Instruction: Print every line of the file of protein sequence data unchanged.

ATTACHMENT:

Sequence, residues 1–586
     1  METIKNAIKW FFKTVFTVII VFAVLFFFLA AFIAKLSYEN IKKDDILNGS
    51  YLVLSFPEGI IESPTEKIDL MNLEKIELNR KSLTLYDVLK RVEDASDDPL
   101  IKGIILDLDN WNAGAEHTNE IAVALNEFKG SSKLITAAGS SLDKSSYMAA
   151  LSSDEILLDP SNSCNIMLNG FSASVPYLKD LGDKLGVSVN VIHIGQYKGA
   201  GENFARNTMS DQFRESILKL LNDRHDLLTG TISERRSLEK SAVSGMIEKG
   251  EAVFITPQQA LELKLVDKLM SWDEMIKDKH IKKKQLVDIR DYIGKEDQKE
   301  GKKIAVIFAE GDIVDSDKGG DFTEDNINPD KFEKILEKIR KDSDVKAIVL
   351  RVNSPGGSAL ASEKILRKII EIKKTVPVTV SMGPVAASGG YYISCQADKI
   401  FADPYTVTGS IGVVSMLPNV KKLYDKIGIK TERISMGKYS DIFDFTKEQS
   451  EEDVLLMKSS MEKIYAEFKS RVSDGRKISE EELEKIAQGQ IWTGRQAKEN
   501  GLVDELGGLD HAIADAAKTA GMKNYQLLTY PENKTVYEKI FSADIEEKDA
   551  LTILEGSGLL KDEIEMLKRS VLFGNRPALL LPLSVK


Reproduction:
Sequence, residues 1–586
     1  METIKNAIKW FFKTVFTVII VFAVLFFFLA AFIAKLSYEN IKKDDILNGS
    51  YLVLSFPEGI IESPTEKIDL MNLEKIELNR KSLTLYDVLK RVEDASDDPL
   101  IKGIILDLDN WNAGAEHTNE IAVALNEFKG SSKLITAAGS SLDKSSYMAA
   151  LSSDEILLDP SNSCNIMLNG FSASVPYLKD LGDKLGVSVN VIHIGQYKGA
   201  GENFARNTMS DQFRESILKL LNDRHDLLTG TISERRSLEK SAVSGMIEKG
   251  EAVFITPQQA LELKLVDKLM SWDEMIKDKH IKKKQLVDIR DYIGKEDQKE
   301  GKKIAVIFAE GDIVDSDKGG DFTEDNINPD KFEKILEKIR KDSDVKAIVL
   351  RVNSPGGSAL ASEKILRKII EIKKTVPVTV SMGPVAASGG YYISCQADKI
   401  FADPYTVTGS IGVVSMLPNV KKLYDKIGIK TERISMGKYS DIFDFTKEQS
   451  EEDVLLMKSS MEKIYAEFKS RVSDGRKISE EELEKIAQGQ IWTGRQAKEN
   501  GLVDELGGLD HAIADAAKTA GMKNYQLLTY PENKTVYEKI FSADIEEKDA
   551  LTILEGSGLL KDEIEMLKRS VLFGNRPALL LPLSVK